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Posaconazole Approved for the Treatment of Oropharyngeal Candidiasis

KENILWORTH, N.J., Oct. 23 /PRNewswire-FirstCall/ -- Schering-Plough Corporation (NYSE:SGP) today reported that the U.S. Food and Drug Administration (FDA) has approved Noxafil(R) (posaconazole) Oral Suspension for the treatment of oropharyngeal candidiasis (OPC), including infections refractory to itraconazole and/or fluconazole. OPC is a fungal infection of the mouth and throat caused by the yeast Candida. Noxafil is a novel triazole antifungal agent discovered and developed by Schering-Plough Research Institute.

This approval follows the Sept. 15 FDA approval of Noxafil for prophylaxis (prevention) of invasive Aspergillus and Candida infections in patients 13 years of age and older who are at high risk of developing these infections due to being severely immunocompromised, such as hematopoietic stem cell transplant (HSCT) recipients with graft-versus-host disease (GVHD) or those with hematologic malignancies with prolonged neutropenia from chemotherapy. Invasive fungal infections are a leading cause of death in these high-risk populations.

In the European Union (EU), the Committee for Medicinal Products for Human Use (CHMP) of the European Medicines Agency (EMEA) on Sept. 21 issued a positive opinion recommending approval of Noxafil for the prophylaxis indication and for first-line treatment of OPC. These applications are currently pending a final European Commission decision. Noxafil is currently approved in the EU and Australia for the treatment of certain invasive fungal infections (IFIs) in adult patients with disease that is refractory to or in patients who are intolerant of certain commonly used antifungal agents.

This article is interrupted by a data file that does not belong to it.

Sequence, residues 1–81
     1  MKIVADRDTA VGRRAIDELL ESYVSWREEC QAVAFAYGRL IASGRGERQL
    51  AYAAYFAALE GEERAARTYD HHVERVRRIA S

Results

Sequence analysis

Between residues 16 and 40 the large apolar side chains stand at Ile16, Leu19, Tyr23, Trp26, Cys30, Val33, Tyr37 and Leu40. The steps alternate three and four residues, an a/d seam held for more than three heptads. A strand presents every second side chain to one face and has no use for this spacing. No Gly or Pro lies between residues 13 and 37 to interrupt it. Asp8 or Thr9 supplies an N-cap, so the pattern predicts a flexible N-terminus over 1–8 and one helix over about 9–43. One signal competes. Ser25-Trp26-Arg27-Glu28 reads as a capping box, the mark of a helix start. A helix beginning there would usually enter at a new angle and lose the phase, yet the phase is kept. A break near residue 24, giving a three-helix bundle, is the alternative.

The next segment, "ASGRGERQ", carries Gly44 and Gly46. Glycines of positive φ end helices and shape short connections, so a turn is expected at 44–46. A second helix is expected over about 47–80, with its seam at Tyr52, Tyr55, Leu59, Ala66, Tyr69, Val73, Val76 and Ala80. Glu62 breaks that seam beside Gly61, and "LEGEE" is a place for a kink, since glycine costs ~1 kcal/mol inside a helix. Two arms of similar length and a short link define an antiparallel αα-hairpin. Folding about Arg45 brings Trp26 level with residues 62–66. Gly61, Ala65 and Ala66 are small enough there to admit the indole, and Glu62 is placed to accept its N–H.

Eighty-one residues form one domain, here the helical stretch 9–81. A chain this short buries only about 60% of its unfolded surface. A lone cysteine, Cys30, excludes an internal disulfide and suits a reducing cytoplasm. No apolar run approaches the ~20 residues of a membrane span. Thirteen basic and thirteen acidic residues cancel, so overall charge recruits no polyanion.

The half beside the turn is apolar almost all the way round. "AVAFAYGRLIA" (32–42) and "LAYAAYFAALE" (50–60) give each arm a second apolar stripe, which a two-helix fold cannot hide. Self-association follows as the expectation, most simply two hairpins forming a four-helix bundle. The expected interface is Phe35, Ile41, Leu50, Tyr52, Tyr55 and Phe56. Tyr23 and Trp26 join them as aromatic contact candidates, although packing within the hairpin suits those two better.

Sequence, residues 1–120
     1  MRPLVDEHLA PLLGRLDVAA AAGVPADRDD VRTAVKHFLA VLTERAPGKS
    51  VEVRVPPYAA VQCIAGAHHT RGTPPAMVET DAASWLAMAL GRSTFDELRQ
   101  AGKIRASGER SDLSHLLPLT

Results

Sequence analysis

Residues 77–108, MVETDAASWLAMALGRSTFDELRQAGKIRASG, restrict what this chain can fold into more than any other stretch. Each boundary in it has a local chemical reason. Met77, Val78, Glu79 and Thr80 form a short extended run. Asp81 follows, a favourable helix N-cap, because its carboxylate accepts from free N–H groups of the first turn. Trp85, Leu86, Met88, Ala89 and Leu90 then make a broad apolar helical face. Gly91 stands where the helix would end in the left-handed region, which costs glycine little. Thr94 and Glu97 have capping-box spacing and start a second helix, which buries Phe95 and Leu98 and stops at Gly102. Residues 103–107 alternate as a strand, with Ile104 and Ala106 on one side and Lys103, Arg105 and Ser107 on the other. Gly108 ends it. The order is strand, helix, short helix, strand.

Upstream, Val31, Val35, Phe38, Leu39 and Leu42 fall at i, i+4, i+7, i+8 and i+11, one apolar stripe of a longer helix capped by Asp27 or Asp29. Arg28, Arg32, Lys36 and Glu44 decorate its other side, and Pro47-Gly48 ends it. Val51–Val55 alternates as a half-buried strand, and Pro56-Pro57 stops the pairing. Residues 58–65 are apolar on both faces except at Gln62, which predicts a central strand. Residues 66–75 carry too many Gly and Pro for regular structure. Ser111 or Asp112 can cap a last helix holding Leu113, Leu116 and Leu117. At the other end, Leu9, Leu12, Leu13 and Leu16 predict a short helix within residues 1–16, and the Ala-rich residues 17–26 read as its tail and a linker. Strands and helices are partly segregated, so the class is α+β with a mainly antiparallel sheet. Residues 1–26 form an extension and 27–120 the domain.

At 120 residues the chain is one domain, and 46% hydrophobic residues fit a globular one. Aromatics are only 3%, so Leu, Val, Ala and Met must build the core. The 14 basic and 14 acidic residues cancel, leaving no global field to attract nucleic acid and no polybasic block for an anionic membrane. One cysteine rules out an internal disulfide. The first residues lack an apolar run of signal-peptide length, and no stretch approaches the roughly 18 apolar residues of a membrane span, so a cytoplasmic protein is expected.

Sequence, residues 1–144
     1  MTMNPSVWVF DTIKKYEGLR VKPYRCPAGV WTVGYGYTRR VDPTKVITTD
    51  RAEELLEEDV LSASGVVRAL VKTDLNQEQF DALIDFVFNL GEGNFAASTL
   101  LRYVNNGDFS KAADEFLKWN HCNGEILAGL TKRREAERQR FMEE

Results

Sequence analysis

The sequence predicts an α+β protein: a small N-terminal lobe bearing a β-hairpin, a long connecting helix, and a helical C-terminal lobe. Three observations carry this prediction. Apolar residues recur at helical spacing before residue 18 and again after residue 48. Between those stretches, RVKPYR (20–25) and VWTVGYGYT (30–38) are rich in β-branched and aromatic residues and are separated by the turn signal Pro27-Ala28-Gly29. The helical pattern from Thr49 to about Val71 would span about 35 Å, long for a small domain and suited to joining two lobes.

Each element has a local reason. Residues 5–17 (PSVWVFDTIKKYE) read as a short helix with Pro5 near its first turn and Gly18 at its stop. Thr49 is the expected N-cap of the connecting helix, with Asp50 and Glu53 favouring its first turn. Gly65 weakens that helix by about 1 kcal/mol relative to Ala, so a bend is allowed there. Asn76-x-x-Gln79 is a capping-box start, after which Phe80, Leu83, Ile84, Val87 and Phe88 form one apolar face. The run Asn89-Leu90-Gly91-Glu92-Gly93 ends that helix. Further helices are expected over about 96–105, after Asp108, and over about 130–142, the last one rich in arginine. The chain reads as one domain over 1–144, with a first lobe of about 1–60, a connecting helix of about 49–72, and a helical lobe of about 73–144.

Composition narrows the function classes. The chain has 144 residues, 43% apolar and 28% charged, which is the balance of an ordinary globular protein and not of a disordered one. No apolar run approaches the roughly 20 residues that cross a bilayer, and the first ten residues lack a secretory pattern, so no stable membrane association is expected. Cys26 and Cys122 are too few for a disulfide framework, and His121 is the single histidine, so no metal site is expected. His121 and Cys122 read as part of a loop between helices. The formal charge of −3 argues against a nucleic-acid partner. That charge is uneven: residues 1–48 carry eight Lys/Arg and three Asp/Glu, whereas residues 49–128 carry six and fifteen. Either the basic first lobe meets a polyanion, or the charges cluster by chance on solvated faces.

"We are pleased with the FDA approval of Noxafil for treating OPC," said Robert J. Spiegel, M.D., chief medical officer and senior vice president, Schering-Plough Research Institute. "With this approval, we are bringing this important new medicine to more patients in need."

The FDA approval of Noxafil for treating OPC is based primarily on the results of a randomized, controlled, evaluator-blinded clinical study in HIV- infected patients that compared Noxafil to fluconazole, as well as a non- comparative study of Noxafil in HIV-infected patients with OPC that was refractory to treatment with fluconazole or itraconazole.

Noxafil Safety Information
Clinical studies have demonstrated that Noxafil Oral Suspension is generally safe and well tolerated. The most common treatment-related serious adverse events (1 percent each) in the combined prophylaxis studies were bilirubinemia, increased hepatic enzymes, hepatocellular damage, nausea and vomiting. In clinical trials, there were infrequent cases of hepatic reactions (e.g., mild to moderate elevations in ALT, AST, alkaline phosphatase, total bilirubin, and/or clinical hepatitis). Liver function tests (LFTs) should be monitored at the start of and during the course of therapy.

Noxafil has been shown to interact with several medications, including drugs that suppress the immune system, and these reactions may be serious. The product label should be consulted when other drugs are prescribed with Noxafil.

Co-administration with the CYP3A4 substrates terfenadine, astemizole, cisapride, pimozide, halofantrine or quinidine is contraindicated since this may result in increased plasma concentrations of these medicinal products, leading to QTc prolongation and rare occurrences of torsades de pointes. Co- administration with ergot alkaloids is also contraindicated.

Serious and rare fatal toxicity from cyclosporine has occurred when taken in combination with Noxafil and therefore reduction of the dose of drugs like cyclosporine, tacrolimus, or sirolimus and frequent monitoring of drug levels of these medications is necessary when taking them in combination with Noxafil. The safety and effectiveness of Noxafil for prophylaxis in patients below the age of 13 years old have not been established.

Source: Schering-Plough Corporation

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